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Title: Nanozymes—Hitting the Biosensing “Target”
Nanozymes are a class of artificial enzymes that have dimensions in the nanometer range and can be composed of simple metal and metal oxide nanoparticles, metal nanoclusters, dots (both quantum and carbon), nanotubes, nanowires, or multiple metal-organic frameworks (MOFs). They exhibit excellent catalytic activities with low cost, high operational robustness, and a stable shelf-life. More importantly, they are amenable to modifications that can change their surface structures and increase the range of their applications. There are three main classes of nanozymes including the peroxidase-like, the oxidase-like, and the antioxidant nanozymes. Each of these classes catalyzes a specific group of reactions. With the development of nanoscience and nanotechnology, the variety of applications for nanozymes in diverse fields has expanded dramatically, with the most popular applications in biosensing. Nanozyme-based novel biosensors have been designed to detect ions, small molecules, nucleic acids, proteins, and cancer cells. The current review focuses on the catalytic mechanism of nanozymes, their application in biosensing, and the identification of future directions for the field.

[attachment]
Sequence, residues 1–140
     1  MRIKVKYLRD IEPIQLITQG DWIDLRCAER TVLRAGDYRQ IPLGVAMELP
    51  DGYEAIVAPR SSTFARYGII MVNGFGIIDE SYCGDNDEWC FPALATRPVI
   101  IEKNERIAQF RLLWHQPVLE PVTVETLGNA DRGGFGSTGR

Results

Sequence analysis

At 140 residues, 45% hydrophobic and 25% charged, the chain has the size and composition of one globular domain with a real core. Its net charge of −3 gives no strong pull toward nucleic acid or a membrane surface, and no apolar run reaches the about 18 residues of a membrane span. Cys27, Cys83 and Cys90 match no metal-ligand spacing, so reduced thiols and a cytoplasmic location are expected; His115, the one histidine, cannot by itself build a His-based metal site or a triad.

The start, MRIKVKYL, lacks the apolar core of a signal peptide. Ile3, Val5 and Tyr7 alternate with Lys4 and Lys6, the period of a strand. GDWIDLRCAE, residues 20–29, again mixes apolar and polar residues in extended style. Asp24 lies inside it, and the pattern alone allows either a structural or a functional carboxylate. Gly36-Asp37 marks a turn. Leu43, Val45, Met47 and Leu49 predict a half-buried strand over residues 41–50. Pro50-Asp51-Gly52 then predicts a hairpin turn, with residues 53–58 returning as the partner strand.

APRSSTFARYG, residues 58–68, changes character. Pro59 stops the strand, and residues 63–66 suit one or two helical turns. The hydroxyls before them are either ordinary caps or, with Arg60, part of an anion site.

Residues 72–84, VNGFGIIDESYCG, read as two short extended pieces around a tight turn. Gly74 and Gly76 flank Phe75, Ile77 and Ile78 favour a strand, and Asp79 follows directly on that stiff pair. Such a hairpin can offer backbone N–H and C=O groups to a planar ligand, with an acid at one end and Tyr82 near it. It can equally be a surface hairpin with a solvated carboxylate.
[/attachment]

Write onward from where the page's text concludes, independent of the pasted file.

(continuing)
Authors:
; ;
Award ID(s):
1946202
Publication Date:
NSF-PAR ID:
10318360
Journal Name:
Sensors
Volume:
21
Issue:
15
ISSN:
1424-8220
Sponsoring Org:
National Science Foundation
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